At a recent public meeting held on the WNMU campus, university President Dr. Joseph Shepard along with the university’s architect and members of the WNMU physical plant, presented the first draft of the university’s five-year master plan, providing an opportunity for public comment. During the two-hour discussion, members of the public were presented with the university’s plan for future and more immediate growth and development that included an overview of both the Silver City and Deming locations.
“Not thinking about and considering the future eliminates opportunities,” said university President Shepard, when discussing the important role the master plan plays in the university’s future strategic plans to handle student services, enrollment and academic programs growth, and community engagement.
Included in the draft plan are new construction projects that incorporate the Deming Learning Center, which broke ground last month, a new vocational training center to be in the mining district of Bayard and the New Mexico Center of Excellence for Early Childhood Education facility. Deferred maintenance plans for existing buildings and infrastructure and the university’s continuing effort toward carbon neutrality have also been integrated into the draft five-year plan.
When asked to provide a list of the university’s top priorities, President Shepard provided short and long-term infrastructure priorities that include:
- Assuring smooth flow of traffic.
- Campus safety for employees, students and community members.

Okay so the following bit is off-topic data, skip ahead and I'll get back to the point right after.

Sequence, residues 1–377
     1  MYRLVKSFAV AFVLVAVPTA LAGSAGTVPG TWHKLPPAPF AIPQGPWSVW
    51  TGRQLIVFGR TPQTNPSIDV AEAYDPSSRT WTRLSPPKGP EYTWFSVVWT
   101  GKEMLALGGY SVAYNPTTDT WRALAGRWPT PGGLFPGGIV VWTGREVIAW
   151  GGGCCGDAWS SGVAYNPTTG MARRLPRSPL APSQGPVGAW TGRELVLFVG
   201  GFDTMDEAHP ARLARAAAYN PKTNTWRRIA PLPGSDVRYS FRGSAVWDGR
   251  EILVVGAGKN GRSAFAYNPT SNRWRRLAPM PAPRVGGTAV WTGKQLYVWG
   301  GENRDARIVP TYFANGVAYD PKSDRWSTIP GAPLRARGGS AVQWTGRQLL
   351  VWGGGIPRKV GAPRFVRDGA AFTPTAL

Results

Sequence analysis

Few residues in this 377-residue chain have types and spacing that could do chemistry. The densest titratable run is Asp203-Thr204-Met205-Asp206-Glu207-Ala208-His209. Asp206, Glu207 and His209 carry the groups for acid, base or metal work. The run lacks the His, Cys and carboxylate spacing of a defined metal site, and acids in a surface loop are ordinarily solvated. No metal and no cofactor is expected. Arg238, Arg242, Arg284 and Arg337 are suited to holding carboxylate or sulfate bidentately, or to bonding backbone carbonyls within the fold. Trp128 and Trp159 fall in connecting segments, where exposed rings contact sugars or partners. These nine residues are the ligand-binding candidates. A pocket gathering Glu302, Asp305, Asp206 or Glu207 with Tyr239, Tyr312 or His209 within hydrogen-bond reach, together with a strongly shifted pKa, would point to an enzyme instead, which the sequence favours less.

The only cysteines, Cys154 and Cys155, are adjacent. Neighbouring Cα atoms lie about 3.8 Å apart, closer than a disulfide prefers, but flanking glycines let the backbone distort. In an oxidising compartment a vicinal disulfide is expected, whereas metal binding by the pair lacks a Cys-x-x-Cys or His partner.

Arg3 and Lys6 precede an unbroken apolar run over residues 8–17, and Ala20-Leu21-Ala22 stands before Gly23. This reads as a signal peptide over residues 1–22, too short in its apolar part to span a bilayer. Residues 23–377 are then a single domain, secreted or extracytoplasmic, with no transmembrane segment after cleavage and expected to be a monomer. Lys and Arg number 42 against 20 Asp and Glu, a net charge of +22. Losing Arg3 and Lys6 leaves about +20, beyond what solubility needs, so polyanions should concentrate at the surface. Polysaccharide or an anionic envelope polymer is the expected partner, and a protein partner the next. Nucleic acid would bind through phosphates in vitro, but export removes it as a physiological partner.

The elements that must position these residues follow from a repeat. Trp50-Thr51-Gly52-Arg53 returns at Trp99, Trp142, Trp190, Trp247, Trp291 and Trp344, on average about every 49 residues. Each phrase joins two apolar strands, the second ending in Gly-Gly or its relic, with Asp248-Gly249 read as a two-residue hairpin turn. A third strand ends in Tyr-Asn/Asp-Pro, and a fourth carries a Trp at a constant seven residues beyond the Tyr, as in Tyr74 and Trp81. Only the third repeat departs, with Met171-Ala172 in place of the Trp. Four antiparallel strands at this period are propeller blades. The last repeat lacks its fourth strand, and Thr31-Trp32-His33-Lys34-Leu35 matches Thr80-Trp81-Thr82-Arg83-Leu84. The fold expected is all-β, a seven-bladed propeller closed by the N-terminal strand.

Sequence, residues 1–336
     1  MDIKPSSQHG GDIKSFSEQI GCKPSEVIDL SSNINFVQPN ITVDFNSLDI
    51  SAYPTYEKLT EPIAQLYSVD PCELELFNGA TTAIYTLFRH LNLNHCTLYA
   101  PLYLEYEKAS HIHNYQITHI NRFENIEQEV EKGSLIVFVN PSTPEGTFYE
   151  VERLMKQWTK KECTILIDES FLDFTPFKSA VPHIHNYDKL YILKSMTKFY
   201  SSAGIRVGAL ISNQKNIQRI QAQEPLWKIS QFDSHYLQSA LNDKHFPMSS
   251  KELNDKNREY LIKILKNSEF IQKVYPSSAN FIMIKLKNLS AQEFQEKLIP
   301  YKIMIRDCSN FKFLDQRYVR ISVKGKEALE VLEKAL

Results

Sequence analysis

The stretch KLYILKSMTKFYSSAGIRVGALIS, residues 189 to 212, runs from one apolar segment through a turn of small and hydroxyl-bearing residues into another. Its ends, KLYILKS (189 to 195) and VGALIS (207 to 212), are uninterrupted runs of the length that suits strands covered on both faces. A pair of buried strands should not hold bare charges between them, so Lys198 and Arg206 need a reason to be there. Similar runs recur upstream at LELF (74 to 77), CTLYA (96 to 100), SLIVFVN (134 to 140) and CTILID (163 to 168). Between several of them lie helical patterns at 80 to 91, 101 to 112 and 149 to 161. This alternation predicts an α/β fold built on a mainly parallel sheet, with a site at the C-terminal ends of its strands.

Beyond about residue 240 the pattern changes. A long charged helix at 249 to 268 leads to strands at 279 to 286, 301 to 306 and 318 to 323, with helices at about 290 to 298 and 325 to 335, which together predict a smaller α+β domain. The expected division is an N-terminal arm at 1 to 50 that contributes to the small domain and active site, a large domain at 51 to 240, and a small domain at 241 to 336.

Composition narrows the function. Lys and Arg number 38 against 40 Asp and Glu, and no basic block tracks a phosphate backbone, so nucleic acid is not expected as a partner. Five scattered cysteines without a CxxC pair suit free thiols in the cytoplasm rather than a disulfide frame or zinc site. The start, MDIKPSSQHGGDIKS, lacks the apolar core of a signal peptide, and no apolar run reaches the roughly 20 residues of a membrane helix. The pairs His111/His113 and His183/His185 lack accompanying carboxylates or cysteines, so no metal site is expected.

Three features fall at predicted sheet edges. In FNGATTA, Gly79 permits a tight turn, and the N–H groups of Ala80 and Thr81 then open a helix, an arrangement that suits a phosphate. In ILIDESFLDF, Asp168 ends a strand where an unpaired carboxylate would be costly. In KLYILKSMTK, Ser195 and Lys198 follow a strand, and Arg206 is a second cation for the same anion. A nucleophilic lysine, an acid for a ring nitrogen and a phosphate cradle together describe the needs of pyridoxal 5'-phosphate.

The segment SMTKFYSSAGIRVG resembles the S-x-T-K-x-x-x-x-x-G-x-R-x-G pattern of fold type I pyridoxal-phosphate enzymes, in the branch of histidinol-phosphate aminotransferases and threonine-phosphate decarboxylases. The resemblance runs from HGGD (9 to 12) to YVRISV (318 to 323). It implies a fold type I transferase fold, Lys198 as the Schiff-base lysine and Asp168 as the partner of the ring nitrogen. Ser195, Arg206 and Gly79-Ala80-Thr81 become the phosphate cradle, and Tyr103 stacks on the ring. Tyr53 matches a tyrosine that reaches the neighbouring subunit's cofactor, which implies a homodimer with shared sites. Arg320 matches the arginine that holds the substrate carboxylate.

- Creating pedestrian safe areas.
- Housing expansion to handle continued growth.
- Outdoor learning spaces.
- Carbon neutrality.
“Though a partnership with PNM, 75% of campus’ current energy is being supplied from renewable sources, an important effort toward our good stewardship of the environment and our connection to the Gila region,” said President Shepard.
As WNMU continues to experience increases in enrollment in the fall and spring semesters, with the student population growing by 12% and 17%, respectively, the five-year master plan provides a roadmap for academic program development, the ability to address student service needs and for the community at-large to be informed on the direction the university is going. “Although we are not required to seek public input, we believe in remaining good collaborative neighbors as a matter of principle,” said President Shepard.
There is still an opportunity for the public to view the draft master plan presentation and provide input here.